Can you please tell us about the implementation of Industry 4.0/Smart Factory in manufacturing facilities?
Digitization across industries has given rise to the phenomenon of smart manufacturing, paving the way to industry 4.0 that allows for the creation of flexible business models. In our opinion, this has contributed to reducing wastage of resources and the consumption of energy, promoting increased efficiency, faster turnaround, better quality, faster time-to-market, integrated supply chain and better security.
Earlier this year, Danfoss’ compressor factory in Wuging, China was recognised among the 16 of the world’s most advanced smart factories – as one of the so-called Fourth Industrial Revolution production sites. With its investment in smart technologies across the campus, the employee productivity has gone up by 30 percent, scrap costs down by 20 percent, and customer complaints by 57 percent.
By investing in smart technologies, companies are now able to produce customer-centric solutions which should ideally be the main architecture of our design principles. Industries should also look at incorporating design thinking in their products to ensure that we build them in a manner that helps our customers connect to various devices and gain maximum value from the products and solutions.
In simple terms, it also enables manufacturing facilities in achieving operational excellence. With emerging and advanced technologies like Internet of Things, 3D printing, big data & analytics, players like us are empowered to design, modify and create products & solutions that customers are looking for, thereby helping companies explore new revenue opportunities.
How does the technology make sense in Indian context where labour is available in abundance?
Productivity & Quality will increase with more smart manufacturing techniques. With right kind of skillsets being imparted to the new workforce, technology and labour can complement each other in tomorrow’s production facilities, thereby leading to India becoming the manufacturing hub for the world.
Let us take the example of OLA or UBER where technology has improved customer experience but has also used the available labour force in an efficient manner.
We can see how the government is making use of smart technologies through policies like the eNAM market.
The most integral role of technology is towards aiding the process of productivity and efficiency of the labour workforce, and not to replace it.
In a market like India, the government’s vision towards ‘Make in India’ and the favourable demographic dividend makes it an attractive phenomenon for global manufacturers to set base in the country. Furthermore, it also makes the process of up-skilling an uncomplicated process and they are more receptive towards the innovation and usage of newer technology.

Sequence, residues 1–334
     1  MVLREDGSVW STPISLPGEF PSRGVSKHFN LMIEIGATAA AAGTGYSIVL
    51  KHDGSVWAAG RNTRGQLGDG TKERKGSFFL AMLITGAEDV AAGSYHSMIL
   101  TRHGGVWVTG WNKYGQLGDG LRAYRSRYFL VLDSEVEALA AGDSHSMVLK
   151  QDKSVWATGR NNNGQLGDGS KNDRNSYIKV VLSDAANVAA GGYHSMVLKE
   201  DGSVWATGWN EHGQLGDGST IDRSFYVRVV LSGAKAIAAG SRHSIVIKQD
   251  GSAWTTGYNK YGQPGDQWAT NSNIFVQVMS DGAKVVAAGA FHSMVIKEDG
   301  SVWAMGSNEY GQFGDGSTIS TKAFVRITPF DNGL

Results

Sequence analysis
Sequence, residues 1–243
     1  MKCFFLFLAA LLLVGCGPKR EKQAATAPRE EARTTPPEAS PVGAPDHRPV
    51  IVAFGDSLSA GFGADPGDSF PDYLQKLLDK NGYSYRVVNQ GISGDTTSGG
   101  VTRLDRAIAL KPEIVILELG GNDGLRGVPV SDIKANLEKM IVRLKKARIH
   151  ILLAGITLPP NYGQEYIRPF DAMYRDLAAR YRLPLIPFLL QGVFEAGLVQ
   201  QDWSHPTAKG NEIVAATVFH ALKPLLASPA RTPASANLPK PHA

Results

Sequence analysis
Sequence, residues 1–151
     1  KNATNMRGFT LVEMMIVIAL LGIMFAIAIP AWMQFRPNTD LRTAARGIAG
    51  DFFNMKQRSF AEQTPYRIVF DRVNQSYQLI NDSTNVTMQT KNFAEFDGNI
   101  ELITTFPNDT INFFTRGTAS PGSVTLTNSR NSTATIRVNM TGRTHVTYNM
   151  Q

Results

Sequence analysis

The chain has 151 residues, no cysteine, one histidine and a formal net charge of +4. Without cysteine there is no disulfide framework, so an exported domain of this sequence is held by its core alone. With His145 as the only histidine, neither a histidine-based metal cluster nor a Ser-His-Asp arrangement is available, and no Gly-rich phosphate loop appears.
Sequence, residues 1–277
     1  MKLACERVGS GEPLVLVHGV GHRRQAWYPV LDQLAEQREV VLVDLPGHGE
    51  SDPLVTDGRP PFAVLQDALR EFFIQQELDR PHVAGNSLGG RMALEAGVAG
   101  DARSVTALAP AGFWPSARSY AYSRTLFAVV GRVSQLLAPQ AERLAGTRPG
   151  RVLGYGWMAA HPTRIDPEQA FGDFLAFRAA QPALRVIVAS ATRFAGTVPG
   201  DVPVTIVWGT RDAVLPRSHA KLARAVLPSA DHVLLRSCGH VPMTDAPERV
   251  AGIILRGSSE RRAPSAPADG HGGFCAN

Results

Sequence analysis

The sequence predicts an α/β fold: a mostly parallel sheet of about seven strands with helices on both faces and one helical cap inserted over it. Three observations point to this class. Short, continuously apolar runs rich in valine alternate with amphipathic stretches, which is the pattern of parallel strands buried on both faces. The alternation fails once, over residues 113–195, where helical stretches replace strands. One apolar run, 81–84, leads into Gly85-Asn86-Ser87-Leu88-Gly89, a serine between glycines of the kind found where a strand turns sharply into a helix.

By enhancing our skillset and adopting ‘smart manufacturing’, India can surely be positioned as one of the top three manufacturing destinations by 2020.
Technology upgradation calls for disruption as well. What disruption do Smart Factory technologies cause at the operations level? How do you deal with such disruption?
It is important to keep in mind that digitization and any modern technology will certainly be disruptive. In such a scenario, companies need to ensure that the golden triangle of change is ready to make the transition i.e. people (who are at the crux), processes (which require human intervention) and technologies (that help perform processes).
Noting that the disruption will be positive, it is importance to acknowledge the positive effects that technology upgradation will bring to the efficiency of the manufacturing process. With AI and VR, there is scope for lesser errors, greater accountability and faster turn-arounds that help in addressing customer requirements in an agile manner.
For e.g: Recently when a customer in US had an issue and their service engineers were challenged, our R&D experts were able to simulate the scenario in our labs and offer a resolution. Thanks to the advancement of 3D technology, down-time, travel time, costs and efficiency could be managed remotely from halfway across the globe.
Technology upgradation calls for new skills set. How to deal with the challenge of skill upgradation?
Currently, the Indian manufacturing sector has the potential to grow six-fold by 2025 up to $1 trillion, creating up to 90 million jobs. With the current Government’s Make in India initiative, this sector is set to grow further. The fact that India is a developing country gives us an added advantage that we are at the ‘start’ line. This gives us the opportunity to apply knowledge that has been proved successful in similar societies and learn from their mistakes.
At Danfoss, we believe that the industry needs to engage more with universities to build a strong ecosystem for innovation and to enhance skill-sets of the future generation of decision makers. With the government’s initiatives alongside the NSDC, we are confident of building a strong ecosystem for the future workforce of the country.
To foster the engineers of tomorrow, Danfoss has a comprehensive university engagement program that connects with student community in campuses across India. A unique partnership between industry and academia, the Danfoss university engagement initiative plays a key role in imparting industry-specific knowledge and the latest technology in climate and energy to engineering students, besides encouraging them to think innovatively.
While focus remains on building the skill-set of newer members of the workforce, it is also essential for the companies to invest in the periodic upskilling of their existing workforce in order to ensure continued efficiency that will translate to maximised productivity.